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Parents Need Boundaries, Too by Carrie Kerr

Parents Need Boundaries, Too by Carrie Kerr

by Carrie Kerr

Recently I presented a workshop for daycare providers on developmentally appropriate behavior. Each behavior was presented in age groups. We addressed ideas such as: Would you expect a 3 month old to mouth objects? How about a 6 month old? A 12-month-old? 18-month-old? And so on. When I got to the behavior of hitting we went through the same sequence. Do you think a 1 year old will hit? Yes. How about an 18 month old? Yes. A 2-year-old? Yes. Three? The answers started wavering here. I heard a lot of "No, they shouldn't hit at three!" And a 4-year-old? Even more "no's." I normally finished the series of questions at age 5, but for this category I decided to go on. "How about adults?" I asked, "Should they hit?" The eyes of my audience connected with mine. Ah ha! No, they should not, but do they? Yes, unfortunately, many do.

We often discuss how children need boundaries. Without boundaries children are confused and are more likely to experiment with inappropriate or undesirable behavior. As a parent, I have found that setting boundaries for my own behavior is necessary as well. Just as "no hitting" exists as a rule for children in daycare or schools it is also a rule I have for myself.

I am surprised that I have had to remind myself of this rule at times. After all, I am completely against punishment. I have learned, however, that there are times when my human nature challenges me. It is at these times that I am so grateful that I have boundaries set for myself. If I feel the urge to spank my child it is at that point that I know I have lost control. I then know that I must be overwhelmed and I really need to walk away and come back to the situation when I have a more level head. As a result, I have never hit one of my children.

As my children have grown I realize I need to continually keep myself in check. Just as our children are given new rules and boundaries as they get older, I have given myself new rules and boundaries. Most recently I have realized a need for an anger boundary. Too many nights I have gone to bed wondering if I was too hard on my daughter. Was her behavior so out of line, or was it my reaction that was out of line? My repeated guilt directed me towards some serious self-evaluation and a new boundary. If my child does something that has really made me mad I am allowed to say, "I am very unhappy about (x). I am so unhappy that I'm not going to talk to you about this for 5 minutes."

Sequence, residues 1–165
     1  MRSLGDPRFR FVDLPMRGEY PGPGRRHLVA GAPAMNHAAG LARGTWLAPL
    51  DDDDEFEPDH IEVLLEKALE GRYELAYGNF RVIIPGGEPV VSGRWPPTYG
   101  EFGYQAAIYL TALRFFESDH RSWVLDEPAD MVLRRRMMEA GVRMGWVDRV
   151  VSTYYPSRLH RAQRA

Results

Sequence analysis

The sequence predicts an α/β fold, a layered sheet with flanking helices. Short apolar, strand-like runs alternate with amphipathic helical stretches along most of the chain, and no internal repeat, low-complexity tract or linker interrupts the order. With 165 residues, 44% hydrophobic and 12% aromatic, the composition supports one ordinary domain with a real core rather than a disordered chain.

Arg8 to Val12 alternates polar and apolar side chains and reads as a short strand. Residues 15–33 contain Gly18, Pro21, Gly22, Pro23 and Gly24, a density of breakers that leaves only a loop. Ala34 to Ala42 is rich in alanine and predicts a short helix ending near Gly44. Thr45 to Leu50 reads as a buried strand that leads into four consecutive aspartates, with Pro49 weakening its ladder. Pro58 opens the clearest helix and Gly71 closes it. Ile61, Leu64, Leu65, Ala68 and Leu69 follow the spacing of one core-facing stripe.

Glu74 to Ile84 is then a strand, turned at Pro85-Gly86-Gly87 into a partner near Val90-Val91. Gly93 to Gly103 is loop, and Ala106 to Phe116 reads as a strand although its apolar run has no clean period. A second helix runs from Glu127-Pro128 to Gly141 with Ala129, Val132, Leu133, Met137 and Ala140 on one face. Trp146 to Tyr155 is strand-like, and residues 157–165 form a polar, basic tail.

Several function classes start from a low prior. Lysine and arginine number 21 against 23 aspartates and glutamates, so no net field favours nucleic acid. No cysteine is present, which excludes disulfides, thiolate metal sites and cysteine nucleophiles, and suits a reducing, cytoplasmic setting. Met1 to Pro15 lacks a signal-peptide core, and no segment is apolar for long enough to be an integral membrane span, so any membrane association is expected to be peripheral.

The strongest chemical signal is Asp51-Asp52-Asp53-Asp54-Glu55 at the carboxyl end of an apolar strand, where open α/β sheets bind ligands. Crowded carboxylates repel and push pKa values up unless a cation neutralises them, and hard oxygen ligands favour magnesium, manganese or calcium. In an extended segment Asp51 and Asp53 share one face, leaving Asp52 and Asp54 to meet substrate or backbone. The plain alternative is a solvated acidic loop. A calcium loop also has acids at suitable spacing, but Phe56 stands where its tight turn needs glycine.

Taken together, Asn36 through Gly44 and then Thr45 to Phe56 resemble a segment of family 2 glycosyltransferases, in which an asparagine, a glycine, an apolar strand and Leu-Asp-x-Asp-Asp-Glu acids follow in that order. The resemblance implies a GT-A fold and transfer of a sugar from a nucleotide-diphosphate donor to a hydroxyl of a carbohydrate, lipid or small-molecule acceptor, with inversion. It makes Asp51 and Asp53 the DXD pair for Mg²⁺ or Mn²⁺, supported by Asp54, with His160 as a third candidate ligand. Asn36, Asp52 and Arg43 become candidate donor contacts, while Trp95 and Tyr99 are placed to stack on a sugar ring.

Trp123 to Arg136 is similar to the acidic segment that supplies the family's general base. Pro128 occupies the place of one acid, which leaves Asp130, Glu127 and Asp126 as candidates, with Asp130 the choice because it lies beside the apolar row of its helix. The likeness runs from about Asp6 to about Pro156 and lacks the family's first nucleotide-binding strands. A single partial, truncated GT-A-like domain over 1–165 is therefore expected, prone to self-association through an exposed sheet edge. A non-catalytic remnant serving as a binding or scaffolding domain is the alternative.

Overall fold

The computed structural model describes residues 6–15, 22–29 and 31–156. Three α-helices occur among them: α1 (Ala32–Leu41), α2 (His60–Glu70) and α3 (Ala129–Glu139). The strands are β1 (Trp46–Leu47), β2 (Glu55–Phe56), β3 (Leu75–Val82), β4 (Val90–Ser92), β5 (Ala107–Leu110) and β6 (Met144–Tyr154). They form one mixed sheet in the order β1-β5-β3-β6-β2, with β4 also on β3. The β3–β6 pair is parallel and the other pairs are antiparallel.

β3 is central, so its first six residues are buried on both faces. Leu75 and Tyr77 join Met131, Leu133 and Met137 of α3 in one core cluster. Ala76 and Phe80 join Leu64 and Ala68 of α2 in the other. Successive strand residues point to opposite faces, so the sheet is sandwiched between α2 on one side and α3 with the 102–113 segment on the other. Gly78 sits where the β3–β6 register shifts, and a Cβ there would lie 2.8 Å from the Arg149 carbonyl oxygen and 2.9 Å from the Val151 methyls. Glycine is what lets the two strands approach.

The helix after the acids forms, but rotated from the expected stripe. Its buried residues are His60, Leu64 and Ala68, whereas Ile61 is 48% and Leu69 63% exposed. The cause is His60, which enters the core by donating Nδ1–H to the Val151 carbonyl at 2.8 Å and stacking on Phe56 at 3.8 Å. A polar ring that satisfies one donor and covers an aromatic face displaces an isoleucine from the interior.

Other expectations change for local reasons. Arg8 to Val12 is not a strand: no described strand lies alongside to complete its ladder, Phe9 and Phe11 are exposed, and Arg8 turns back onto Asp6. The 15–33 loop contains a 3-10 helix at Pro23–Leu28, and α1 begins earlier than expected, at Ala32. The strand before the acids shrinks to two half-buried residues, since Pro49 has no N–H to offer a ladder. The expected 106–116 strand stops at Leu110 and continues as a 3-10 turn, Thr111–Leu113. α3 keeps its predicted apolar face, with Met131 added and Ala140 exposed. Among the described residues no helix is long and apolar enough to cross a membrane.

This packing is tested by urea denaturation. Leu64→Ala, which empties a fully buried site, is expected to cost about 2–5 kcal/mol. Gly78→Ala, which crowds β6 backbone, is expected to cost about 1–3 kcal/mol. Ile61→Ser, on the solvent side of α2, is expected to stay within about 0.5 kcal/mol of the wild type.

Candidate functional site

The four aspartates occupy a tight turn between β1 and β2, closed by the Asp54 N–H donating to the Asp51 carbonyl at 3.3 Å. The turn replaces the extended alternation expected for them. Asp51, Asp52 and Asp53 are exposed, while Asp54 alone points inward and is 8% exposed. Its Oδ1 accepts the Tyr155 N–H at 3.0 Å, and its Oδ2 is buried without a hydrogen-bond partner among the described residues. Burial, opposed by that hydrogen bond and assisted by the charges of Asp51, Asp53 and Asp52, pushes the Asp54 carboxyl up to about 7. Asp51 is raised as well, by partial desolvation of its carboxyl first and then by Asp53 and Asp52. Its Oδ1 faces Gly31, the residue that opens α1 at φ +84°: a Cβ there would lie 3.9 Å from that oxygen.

While a 5-minute hold on the discussion may seem insignificant for another parent, it is extremely important for me. I tend to over react to situations. I set off in an angry lecturing rampage about just how awful a certain situation is. Five minutes of self-containment is a huge restriction for me! However, time and time again I thank myself for taking 5 minutes before I come back to address the behavior. It gives me time to calm down, for the impulsive anger to subside, and to see the situation through a clearer lens. I am amazed that quite often it is no longer even a big deal. I usually just dismiss it or follow up with a much calmer and appropriate logical consequence.

In my earlier parenting days I had to set a spanking boundary with myself. It forced me to be more creative in my disciplining techniques and ultimately led to a more trusting, secure, and loving household. I no longer need to remind myself of that boundary, as the thought of spanking never flickers in my mind anymore. I am hopeful that the same will become true for my anger impulses. I know I will need to continue with these self-evaluation and boundary procedures throughout my parenting career, even when I am being a parent to adult children.

What do you go to bed feeling guilty about? Are you being too hard on yourself, or is it a nagging guilt that needs to be addressed? Perhaps it is time to set a new boundary for yourself, one that will ultimately strengthen your character as a mother, father, spouse, or friend. The next time you give your child a new boundary because he/she has grown to a new level, go ahead and give yourself a new boundary as well. It will lead you down the road to peaceful parenting!

Carrie Kerr is a mother to 3 children: Natalie ('98), Kate ('00), and Julius ('04). She is a co-founder and co-leader of API of Peoria, Il which has been active since December of '99. Carrie is married to her high school sweetheart, Matt. They homeschool their children in rural Washington, Illinois with the intention of just getting through one day at a time!